Live updates

Advertisement

Cardiff recognised with 'City of Sanctuary' title

Wales Millennium Centre will play host to a day of events celebrating the city's new status Credit: PA

Cardiff has been recognised as a 'City of Sanctuary' for those seeking refuge from war and persecution. The announcement comes after a report by the UN shows there were more than 50 million refugees displaced throughout the world in 2013. That is up 6 million on the previous year.

The capital is now celebrating its newly-acclaimed status with an event displaying dances, singing and poetry from communities from around the world. The Wales Millennium Centre will play host to a range of cultures from West Africa to Afghanistan.

The event will round up Refugee Week Wales which is part of promoting a better understanding as to why people seek sanctuary in Wales.

A 'City of Sanctuary' is awarded when a city is recognised as a place where people’s culture, skills and differences are accepted as a positive complement to the receiving city’s cultures.

Welsh MP sees plight of Syrian refugees first hand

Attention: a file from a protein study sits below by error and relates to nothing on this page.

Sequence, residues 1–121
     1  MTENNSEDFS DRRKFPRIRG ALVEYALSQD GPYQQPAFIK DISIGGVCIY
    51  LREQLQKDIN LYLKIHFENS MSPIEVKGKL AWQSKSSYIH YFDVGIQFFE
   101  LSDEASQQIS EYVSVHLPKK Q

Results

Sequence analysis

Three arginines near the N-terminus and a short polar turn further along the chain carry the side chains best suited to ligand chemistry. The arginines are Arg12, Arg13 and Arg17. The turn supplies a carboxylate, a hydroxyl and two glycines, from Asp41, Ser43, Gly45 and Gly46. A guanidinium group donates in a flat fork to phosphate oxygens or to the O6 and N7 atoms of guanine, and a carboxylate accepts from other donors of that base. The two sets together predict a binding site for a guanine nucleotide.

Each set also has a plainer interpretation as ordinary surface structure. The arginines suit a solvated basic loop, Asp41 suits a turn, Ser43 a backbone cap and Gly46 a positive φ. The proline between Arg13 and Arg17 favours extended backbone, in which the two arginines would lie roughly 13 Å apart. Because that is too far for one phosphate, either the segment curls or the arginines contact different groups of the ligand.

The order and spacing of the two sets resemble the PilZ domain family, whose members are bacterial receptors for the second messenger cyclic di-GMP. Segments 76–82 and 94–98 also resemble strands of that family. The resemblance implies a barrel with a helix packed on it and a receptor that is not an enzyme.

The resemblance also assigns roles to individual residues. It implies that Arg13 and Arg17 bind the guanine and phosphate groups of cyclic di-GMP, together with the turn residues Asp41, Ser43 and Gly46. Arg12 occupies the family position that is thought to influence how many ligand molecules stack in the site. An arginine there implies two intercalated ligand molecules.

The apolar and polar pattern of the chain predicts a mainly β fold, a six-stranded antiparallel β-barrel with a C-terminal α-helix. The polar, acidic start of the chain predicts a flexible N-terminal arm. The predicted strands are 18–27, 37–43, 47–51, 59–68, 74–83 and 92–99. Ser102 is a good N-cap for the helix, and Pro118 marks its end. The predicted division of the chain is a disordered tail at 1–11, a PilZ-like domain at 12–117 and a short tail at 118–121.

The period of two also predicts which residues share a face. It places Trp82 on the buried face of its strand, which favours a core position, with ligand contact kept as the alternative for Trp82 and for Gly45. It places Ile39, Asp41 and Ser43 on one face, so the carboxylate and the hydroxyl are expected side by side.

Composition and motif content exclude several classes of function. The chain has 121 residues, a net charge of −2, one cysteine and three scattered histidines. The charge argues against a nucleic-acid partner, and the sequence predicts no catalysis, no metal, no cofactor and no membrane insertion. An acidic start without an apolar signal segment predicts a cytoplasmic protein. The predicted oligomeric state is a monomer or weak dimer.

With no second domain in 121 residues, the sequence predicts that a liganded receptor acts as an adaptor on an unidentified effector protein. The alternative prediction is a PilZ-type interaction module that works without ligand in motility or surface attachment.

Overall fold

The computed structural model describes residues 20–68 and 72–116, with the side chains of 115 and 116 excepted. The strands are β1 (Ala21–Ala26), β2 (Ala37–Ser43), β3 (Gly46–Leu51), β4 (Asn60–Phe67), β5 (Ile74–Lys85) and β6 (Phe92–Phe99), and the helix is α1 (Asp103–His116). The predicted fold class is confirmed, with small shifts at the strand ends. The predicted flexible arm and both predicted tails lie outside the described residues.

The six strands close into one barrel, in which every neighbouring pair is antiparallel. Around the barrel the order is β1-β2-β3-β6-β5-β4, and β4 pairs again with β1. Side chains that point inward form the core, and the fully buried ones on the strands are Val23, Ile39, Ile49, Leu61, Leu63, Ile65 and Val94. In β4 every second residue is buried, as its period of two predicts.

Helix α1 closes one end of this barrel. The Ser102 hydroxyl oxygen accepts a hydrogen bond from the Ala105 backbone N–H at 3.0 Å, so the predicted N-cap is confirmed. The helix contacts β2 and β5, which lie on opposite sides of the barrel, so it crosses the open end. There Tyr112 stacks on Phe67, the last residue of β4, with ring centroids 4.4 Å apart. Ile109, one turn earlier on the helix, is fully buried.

Wrexham MP and Shadow Middle East Minister Ian Lucas has just returned from Lebanon where he's witnessed first hand the plight of people fleeing the civil war in Syria. He'll be speaking about his experiences in this week's Sharp End.

You can hear more about the situation in Lebanon and what Ian Lucas experienced at 1035pm on ITV Cymru Wales. Below are some of the photos he took during his visit.

Snow at Syrian refugee camp, Lebanon Credit: Ian Lucas MP

The MPs were surprised to see snow around the camps. Wintry weather is adding to the difficulties faced by people fleeing the fighting in Syria.

Makeshift conditions at one camp, Lebanon Credit: Ian Lucas MP

The refugee camps aren't official and lack basic amenities.

Syrian children, Lebanon Credit: Ian Lucas MP
A Syrian family in a refugee camp, Lebanon Credit: Ian Lucas MP

Advertisement

Tonfanau remembers Ugandan Asians

Last night Wales This Week told the extraordinary story of the North Wales community that helped hundreds of Asian refugees who were thrown out of Uganda by the dictator Idi Amin in the 1970s.

30,000 refugees came from Uganda to seek safety in Britain.

Many ended up at a camp that was created for them at an empty military base at Tonfanau near Aberdovey.

Once there, they were helped by a small army of Welsh volunteers.

Margretta Young-Jones helped the refugees and was featured in 'Adopting the Dragon.'